Do you want your buyer to determine what is an improvement?
By: Stephen J. Nash
Nash Law Firm
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A seller on a contract for deed should strongly consider limiting the buyers right to construct an improvement on the property without the approval of the seller. Many ask why a seller would want to restrict the buyer from improving the property. The following are three reasons why this is a good idea.
First, what a buyer considers an improvement are not always considered an improvement by the seller. While the buyer may love the idea of having a swimming pool, the seller may say that a pool would actually make the property harder to sell if the seller has to take the property back. A seller would not want an "improvement" that does not increase the value or marketability of the property.
Second, does the buyer have the ability to pay for the improvement? A half built improvement is no improvement. A fully built but unpaid improvement also is not a situation that a seller wants to deal with.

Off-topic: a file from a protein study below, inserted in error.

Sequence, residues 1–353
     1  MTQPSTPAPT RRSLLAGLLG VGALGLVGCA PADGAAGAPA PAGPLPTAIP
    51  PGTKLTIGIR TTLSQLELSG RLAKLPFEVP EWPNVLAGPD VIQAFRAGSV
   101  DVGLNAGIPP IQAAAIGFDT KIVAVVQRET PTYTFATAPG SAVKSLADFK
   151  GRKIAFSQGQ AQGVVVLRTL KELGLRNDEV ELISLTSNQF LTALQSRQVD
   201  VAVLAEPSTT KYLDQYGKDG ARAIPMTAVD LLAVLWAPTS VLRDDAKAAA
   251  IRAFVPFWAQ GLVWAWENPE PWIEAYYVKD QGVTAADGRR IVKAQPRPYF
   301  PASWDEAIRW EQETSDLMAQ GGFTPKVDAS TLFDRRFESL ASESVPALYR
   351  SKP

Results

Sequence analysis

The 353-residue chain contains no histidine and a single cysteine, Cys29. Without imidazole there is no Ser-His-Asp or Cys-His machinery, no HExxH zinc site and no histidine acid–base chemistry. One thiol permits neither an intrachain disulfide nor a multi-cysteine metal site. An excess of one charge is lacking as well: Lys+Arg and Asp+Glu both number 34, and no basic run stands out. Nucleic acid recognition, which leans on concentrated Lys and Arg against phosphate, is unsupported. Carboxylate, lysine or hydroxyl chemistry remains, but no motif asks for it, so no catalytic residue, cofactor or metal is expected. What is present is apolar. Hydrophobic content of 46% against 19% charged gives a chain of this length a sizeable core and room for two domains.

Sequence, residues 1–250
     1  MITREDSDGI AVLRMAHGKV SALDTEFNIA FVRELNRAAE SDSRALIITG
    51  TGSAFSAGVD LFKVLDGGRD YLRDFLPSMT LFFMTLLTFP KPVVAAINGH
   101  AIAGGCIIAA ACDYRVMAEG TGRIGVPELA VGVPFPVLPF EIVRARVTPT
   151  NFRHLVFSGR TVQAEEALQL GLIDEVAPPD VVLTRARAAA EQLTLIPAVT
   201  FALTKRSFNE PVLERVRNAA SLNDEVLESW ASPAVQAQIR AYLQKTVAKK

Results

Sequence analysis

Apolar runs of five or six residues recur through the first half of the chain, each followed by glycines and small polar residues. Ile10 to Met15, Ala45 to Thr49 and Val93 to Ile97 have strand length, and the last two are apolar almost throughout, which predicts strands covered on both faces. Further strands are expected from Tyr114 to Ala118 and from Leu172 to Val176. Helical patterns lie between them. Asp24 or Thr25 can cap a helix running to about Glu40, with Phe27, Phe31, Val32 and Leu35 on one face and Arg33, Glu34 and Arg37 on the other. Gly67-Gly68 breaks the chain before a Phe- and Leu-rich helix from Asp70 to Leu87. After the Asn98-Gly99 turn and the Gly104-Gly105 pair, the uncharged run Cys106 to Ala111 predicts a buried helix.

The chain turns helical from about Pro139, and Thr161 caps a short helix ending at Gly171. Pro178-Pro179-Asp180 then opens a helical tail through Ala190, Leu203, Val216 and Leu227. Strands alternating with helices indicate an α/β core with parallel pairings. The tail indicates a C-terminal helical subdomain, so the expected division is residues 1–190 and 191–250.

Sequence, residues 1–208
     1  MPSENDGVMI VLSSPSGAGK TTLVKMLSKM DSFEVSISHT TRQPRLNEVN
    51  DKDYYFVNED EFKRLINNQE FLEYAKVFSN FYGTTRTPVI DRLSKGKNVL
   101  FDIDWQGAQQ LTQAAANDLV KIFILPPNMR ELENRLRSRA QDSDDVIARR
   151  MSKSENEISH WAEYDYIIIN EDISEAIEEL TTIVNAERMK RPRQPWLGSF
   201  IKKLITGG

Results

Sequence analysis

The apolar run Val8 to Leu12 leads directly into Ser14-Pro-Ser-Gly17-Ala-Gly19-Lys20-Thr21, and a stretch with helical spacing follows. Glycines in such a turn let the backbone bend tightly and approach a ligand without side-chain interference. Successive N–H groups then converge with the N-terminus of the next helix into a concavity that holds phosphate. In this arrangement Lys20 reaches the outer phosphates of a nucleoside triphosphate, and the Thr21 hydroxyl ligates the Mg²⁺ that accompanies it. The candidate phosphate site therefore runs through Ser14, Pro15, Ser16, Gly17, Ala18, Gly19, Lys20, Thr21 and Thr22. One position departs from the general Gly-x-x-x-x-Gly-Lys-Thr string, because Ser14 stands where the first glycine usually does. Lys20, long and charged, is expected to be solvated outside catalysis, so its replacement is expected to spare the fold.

Third, who is constructing the improvement. As a seller, the quality of the work is extremely important. Does the seller want the buyer to construct the improvements by themselves? Does the seller want the improvement to be constructed by a contractor with a poor reputation? Obviously, the Seller has a vested interest in the property and would only want a quality improvement.
The seller can protect his/her interest by having a clause drafted in the contract for deed that any improvement to the property must be approved in writing by the seller. The seller than will have the opportunity to review the proposed improvement, look at whether the buyer has the money needed to build the improvement and make sure that the improvement is going to be constructed in a quality manner. If the amount of money is high enough, the seller may want to consider having the money escrowed and the construction costs be paid out of the escrow in exchange for a sworn Construction Statement and proper Lien Waivers.